In Gregg v. Georgia, 428 U.S. 153, 49 L. Ed. 2d 859, 96 S. Ct. 2909 (1976), petitioner had been charged with armed robbery and murder. The trial Judge submitted the murder charges to the jury after instructing it that the defendant could be found guilty of either felony murder or premeditated murder. Id. at 160. The jury returned a general verdict of guilty. The court then instructed the jury that it had to find at least one statutory aggravating circumstance to impose the death penalty. The jury returned a death sentence based on findings that: (1) the murder was committed while the offender was engaged in the commission of other capital felonies, i.e. armed robbery, and (2) that he committed the murder for the purpose of receiving the victims' money and automobile. Id. at 161. The Supreme Court granted certiorari on petitioner's Eighth and Fourteenth Amendments challenges to imposition of the death sentence on these findings. Id. at 162. The Supreme Court upheld Gregg's death sentence after concluding, inter alia, that the jury's discretion was adequately channeled by the statutory requirement that it find at least one aggravating circumstance before considering any mitigating circumstances. Id. at 198.
In Lowenfield v. Phelps, 484 U.S. 231, 98 L. Ed. 2d 568, 108 S. Ct. 546 (1988), the Supreme Court considered whether a sentence of death may be imposed upon a single aggravating circumstance, if that single circumstance is also an element of the underlying first-degree murder offense. Id. at 233. It upheld a Louisiana statutory scheme that included in its definition of first-degree murder the element of "specific intent to kill or to inflict great bodily harm [while] . . . engaged in the perpetration of . . . armed robbery or simple robbery." Id. at 242. The Louisiana death penalty statute, like Georgia's, required a jury to find at least one aggravating circumstance before sentencing a defendant to death.*fn17 The jury sentenced the defendant to death on three counts of first-degree murder. To support each of these three sentences, it found only one valid statutory aggravating circumstances, namely that the defendant knowingly created a risk of death or bodily harm to more than one person. Id. at 243.*fn18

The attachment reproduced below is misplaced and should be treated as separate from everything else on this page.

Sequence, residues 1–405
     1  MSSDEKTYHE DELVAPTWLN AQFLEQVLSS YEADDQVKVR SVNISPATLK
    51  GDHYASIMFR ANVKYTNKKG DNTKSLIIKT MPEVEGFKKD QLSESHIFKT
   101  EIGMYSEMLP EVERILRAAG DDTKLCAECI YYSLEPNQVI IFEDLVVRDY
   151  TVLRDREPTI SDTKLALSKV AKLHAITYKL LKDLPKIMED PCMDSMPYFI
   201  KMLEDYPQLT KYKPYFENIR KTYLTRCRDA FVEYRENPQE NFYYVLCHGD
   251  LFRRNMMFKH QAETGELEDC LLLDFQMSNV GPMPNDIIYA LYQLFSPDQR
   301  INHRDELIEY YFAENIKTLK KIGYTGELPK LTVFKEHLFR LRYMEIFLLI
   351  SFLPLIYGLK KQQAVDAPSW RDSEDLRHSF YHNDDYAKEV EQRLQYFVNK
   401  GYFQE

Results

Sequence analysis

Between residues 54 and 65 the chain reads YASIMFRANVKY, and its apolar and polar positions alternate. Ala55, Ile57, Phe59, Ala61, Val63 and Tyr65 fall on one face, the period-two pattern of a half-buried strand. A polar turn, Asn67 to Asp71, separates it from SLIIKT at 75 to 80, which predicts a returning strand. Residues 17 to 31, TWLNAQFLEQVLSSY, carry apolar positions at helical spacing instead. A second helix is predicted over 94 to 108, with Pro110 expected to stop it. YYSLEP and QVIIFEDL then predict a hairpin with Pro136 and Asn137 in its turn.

On direct appeal, the Louisiana Supreme Court upheld the three convictions and the sentences. It ruled that the aggravating circumstance was established by the evidence and was sufficient to support the death sentences the jury imposed. 484 U.S. at 235-36. On habeas, the petitioner in Lowenfield raised the issue "whether a sentence of death may validly rest upon a single aggravating circumstance that is a necessary element of the underlying offense of first-degree murder." Id. at 236. He asserted that his death sentence was unconstitutional because the single aggravating circumstance the jury found duplicated an element of the underlying offense of first-degree murder, id. at 233, arguing that the same fact could not do double duty by establishing guilt and permitting capital punishment. That dual use, he argued, violated the Eighth Amendment's prohibition against arbitrary imposition of a death sentence because it allowed a jury to impose capital punishment on a person within the general class of those eligible for death without confining him to the smaller subclass of those whose especially egregious acts make death an appropriate punishment. Id. at 241.
The Supreme Court rejected this argument. Id. It stated that a statutory scheme under which a jury must find at least one aggravating circumstance before it may impose death permits "the jury [to] narrow the class of persons eligible for the death penalty according to an objective legislative definition." 484 U.S. at 244 (citing Zant, 462 U.S. at 878). This narrowing function can be performed by the jury at either the guilt or the sentencing phase. Id. at 244-45 (citing Jurek v. Texas, 428 U.S. 262, 49 L. Ed. 2d 929, 96 S. Ct. 2950 (1976)). As to the scheme at issue in Lowenfield :